Friday, November 2, 2012

Back Cover Booty

By Peg Brantley

One of the most important marketing tools writers have is their back cover copy. That tiny piece of real estate is one more place where potential buyers will decide whether to move on to the next step (your first paragraph) or pass.

I suck at back cover copy. Which is why I'm writing this post—to try and learn something.

Here are a few of the do's and don'ts I uncovered in my search:

  • Identify the protagonist and core conflict;
  • Specify the setting;
  • Reference the genre;
  • Hook the reader with a hint of danger or risk;
  • No more than 125 words;
  • Avoid cliched genre jargon.

Can I just say how much this hasn't helped? 

I think my first two books are FAIL as they relate to their back cover copy. The second one is better, but still.

I've known this is a weakness of mine for a long time. Several months ago I printed out this back cover copy because I liked it:

Nola Cespedes, an ambitious young report at the "Time-Picayune," finally catches a break: an assignment to write her first full-length feature. While investigating her story, she also becomes fixated on the search for a missing tourist in the French Quarter. As Nola's work leads her into a violent criminal underworld, she's forced to face disturbing truths from her own past.

Vividly rendered in razor-sharp prose, this haunting thriller is a riveting journey of trust betrayed—and the courageous struggle to rebuild. Fast-paced, atmospheric, and with a knockout twist, Joy Castro's "Hell or High Water" features an unforgettable heroine as fascinating and multi-layered as New Orleans itself.

Other than the cliched genre jargon, I think this one meets the list. But the second paragraph, a kind of review, is what finally sells it for me. 

What about you? As a writer, how do you put this terribly important piece together?

As a reader, what kinds of things grab your attention and make you want to read more?

I'm looking for all the help I can get.


  1. I think your example is well done too. And I like the review tone in the second paragraph. I've never used that approach, though, because as a mystery/thriller author, I like to leave a question at the end.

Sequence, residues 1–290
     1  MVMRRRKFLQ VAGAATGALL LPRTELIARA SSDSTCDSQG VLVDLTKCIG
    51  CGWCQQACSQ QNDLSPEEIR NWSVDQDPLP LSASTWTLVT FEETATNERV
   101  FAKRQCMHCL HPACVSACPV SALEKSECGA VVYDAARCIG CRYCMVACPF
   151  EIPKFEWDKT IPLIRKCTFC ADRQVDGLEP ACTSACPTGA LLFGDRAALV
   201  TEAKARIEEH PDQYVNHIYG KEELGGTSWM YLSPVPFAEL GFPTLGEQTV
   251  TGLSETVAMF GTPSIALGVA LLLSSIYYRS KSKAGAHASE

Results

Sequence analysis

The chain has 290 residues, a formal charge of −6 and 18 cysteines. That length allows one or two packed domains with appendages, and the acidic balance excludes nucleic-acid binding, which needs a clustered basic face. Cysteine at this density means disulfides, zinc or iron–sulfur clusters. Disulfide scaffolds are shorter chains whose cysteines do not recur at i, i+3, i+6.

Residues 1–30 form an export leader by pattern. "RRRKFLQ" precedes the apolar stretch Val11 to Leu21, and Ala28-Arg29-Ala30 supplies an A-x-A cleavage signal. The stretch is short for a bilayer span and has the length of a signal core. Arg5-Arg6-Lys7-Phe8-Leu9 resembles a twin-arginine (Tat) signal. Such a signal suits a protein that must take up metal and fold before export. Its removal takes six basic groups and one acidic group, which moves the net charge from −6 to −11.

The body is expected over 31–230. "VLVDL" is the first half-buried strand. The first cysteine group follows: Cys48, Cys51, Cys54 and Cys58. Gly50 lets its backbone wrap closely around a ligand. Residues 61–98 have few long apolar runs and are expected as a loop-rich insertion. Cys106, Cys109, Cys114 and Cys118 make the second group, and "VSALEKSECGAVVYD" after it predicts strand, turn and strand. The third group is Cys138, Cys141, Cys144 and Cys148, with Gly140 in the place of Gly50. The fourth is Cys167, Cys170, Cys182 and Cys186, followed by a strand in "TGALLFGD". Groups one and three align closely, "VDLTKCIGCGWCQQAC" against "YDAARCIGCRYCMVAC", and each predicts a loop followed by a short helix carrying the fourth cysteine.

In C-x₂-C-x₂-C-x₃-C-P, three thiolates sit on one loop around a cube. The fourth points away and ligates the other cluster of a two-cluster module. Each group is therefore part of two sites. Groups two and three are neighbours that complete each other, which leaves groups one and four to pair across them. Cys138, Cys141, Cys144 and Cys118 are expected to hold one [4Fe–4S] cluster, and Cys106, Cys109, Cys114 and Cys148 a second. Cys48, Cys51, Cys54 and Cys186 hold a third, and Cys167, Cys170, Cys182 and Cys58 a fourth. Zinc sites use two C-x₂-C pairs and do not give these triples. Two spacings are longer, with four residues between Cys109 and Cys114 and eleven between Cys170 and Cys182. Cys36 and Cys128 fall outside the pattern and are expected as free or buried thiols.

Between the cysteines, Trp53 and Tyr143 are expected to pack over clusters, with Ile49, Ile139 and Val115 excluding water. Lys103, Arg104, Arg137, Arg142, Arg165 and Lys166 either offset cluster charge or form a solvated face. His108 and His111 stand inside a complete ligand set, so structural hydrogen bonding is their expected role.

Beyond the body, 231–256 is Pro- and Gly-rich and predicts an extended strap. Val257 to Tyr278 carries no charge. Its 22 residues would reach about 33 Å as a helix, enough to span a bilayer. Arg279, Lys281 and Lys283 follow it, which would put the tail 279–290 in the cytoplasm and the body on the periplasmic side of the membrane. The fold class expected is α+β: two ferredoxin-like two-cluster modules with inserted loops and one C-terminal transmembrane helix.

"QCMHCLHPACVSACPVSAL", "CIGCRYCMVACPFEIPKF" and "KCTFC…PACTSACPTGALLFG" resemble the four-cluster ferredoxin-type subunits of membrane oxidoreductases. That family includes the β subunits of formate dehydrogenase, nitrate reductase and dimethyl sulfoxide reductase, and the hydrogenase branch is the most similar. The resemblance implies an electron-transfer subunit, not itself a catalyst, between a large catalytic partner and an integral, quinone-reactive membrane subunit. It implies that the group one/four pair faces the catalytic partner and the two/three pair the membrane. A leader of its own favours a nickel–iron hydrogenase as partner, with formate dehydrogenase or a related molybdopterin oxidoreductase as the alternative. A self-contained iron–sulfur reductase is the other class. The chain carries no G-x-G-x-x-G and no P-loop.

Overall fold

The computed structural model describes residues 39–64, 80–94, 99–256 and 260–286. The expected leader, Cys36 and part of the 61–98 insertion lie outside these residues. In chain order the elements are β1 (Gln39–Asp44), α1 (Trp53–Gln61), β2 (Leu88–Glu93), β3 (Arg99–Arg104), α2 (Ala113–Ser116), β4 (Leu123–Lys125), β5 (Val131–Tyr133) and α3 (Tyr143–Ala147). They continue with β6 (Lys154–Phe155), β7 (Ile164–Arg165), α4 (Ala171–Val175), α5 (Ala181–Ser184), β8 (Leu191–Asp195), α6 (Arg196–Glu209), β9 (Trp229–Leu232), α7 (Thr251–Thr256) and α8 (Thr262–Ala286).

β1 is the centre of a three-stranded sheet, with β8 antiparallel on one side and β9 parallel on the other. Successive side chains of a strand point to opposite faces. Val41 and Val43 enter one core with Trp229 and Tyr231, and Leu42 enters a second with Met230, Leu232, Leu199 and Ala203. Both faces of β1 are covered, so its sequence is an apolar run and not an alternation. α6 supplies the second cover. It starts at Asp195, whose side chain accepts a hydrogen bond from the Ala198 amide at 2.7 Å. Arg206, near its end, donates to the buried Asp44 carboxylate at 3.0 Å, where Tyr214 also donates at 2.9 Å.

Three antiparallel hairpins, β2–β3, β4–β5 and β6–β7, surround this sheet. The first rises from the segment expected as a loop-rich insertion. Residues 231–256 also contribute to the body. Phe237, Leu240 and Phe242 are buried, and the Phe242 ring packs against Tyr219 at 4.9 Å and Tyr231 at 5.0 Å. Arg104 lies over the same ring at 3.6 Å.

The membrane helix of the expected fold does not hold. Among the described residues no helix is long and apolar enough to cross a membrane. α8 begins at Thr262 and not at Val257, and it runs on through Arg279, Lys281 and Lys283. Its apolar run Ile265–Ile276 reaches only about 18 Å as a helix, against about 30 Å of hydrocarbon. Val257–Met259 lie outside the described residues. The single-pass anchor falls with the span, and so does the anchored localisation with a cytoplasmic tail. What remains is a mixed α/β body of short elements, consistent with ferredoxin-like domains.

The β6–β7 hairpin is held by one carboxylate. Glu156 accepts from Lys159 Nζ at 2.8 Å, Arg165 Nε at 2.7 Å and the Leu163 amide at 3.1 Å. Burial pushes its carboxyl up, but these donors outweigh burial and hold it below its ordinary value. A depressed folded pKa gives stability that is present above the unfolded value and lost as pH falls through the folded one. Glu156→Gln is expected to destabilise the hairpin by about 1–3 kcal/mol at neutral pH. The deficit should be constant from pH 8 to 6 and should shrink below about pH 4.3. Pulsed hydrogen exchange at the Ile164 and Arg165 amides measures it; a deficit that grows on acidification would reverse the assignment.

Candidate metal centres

Have you hired a marketer to write copy for you? It might be a learning experience

  2. Snort! That was funny. Have you ever thought of writing the WORST blurb or synopsis you can? Could get those juices flowing and help you relax a bit. I think I'll go turn this into a challenge, because so many authors really do have an issue with this.

  3. LJ, I might consider hiring someone, but dang… I'd love to get a handle on this myself. Maybe I could develop a class…

    Dani, you're a hoot. Writing the worst blurb is no stretch for me, but you're right—it could help.

  4. Sorry for joining in late here. Damned life got in the way again.

    I think for the back cover, the rule of keeping it simple works best. Simple but appealing, that is. Anything that draws the eye closer is lightening in a bottle. How to find that evasive combination is the tricky part. I'm not sure I know it myself. Just know it when I see it, which makes me no different from any other reader.

  5. I am struggling with that question right now as I move into the last quarter of writing my novel. I like the list of questions; it at least helps me think about what should be there.

    But, ah, to make it engaging and enticing ... that is tasking me!

  6. This is one of my difficulties as well. I think part of the problem is that as the novel's author, we're so immersed in the story that we can't sum it up succinctly. On my book coming out in November, I got help from one of my beta readers. She put together a few paragraphs that sparked my imagination. I was able to build off her ideas and create the blurb.

    Also, when I try to compose back cover copy, I get the voice of the movie voice over guy in my head. If I can write a movie trailor like blurb it goes a long way to hooking the reader.

  7. Drew, you ar absolutely my go-to guy for anything visual. And I agree—simple is best.

    Claire, at least you're thinking about it now. Way better than just prior to your cover being designed.

    Wow, Kelly… I can hear him now. Super idea!

    CFC rocks!

  8. Sounds like you've got lots of great ideas and some very good advice here, Peg. Go for it! You can do it!

  9. Jodie, thank goodness I don't have to yet. The first two are done. In their graves, so to speak. Next up? I'll listen for that voiceover guy…

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  11. Thanks very much to Peg for choosing the back cover copy of my first novel as an example. The folks at St. Martin's did a great job, and I'm so glad it was useful.


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